Cardiovascular hemodynamics and vasopressin blockade in DOCA-salt hypertensive rats.
In conscious rats with near-malignant phases of DOCA-salt (DS) hypertension, hemodynamics were studied with microspheres before and after administration of a vasopressin (VP) vasopressor antagonist in relation to plasma VP levels (pVP). Compared to the controls, the DS rats showed significant elevations in mean arterial pressure (MAP), total vascular resistance (TVR), and pVP, and a flow redistribution from kidney and spleen to skeletal muscles and heart, with increased vascular resistance in almost all organs. The antagonist elicited no significant systemic hemodynamic effects in DS rats as a whole; however, two subgroups, responders vs nonresponders, were identified according to the effects on MAP. In responders with a pVP of 29.2 +/- 2.7 (SE) pg/ml, the antagonist lowered MAP (-24.9 +/- 5.9 mm Hg) and TVR significantly, while in nonresponders with a pVP of 15.2 +/- 3.4 pg/ml, there were no effects. The major antagonist-induced regional responses were increased flow and decreased vascular resistance in skeletal muscles and skin in whole DS rats, and additionally in the gastrointestinal tract, portal organs, and testes in the responders. Significant correlations were observed between pVP, MAP, TVR, and depressor responses to the antagonist only when all data for DS and control rats were pooled. Thus, the systemic hemodynamic effects of VP are important only in responders with exceedingly elevated pVP. VP contributes significantly to the regional hemodynamic abnormalities in skeletal muscles and skin in whole DS rats, and also in several other organs in the responders.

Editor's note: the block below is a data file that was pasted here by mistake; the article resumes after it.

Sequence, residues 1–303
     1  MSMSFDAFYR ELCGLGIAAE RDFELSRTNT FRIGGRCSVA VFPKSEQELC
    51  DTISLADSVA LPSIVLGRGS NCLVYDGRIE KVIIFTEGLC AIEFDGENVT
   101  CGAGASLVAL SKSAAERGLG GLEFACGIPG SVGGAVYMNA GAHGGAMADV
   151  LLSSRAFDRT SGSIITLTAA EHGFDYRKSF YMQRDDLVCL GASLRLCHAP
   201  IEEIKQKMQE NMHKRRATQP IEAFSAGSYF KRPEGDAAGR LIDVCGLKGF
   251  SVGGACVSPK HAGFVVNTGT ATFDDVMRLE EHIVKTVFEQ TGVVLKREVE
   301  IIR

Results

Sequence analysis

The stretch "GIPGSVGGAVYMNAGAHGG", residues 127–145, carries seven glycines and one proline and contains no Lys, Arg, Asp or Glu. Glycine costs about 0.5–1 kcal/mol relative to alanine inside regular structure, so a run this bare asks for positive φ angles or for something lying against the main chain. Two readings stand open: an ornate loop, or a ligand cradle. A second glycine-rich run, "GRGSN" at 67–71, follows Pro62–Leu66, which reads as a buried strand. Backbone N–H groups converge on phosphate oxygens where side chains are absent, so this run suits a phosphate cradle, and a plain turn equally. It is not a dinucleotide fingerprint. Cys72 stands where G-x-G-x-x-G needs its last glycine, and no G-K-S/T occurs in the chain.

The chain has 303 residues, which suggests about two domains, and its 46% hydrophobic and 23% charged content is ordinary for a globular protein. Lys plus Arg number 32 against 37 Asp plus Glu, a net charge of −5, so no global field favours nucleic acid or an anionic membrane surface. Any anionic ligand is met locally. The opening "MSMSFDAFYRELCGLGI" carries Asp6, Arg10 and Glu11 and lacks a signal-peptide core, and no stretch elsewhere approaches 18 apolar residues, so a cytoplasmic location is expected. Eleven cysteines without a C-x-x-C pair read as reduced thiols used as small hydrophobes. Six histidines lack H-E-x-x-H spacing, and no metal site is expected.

- Copyright © 1984 by American Heart Association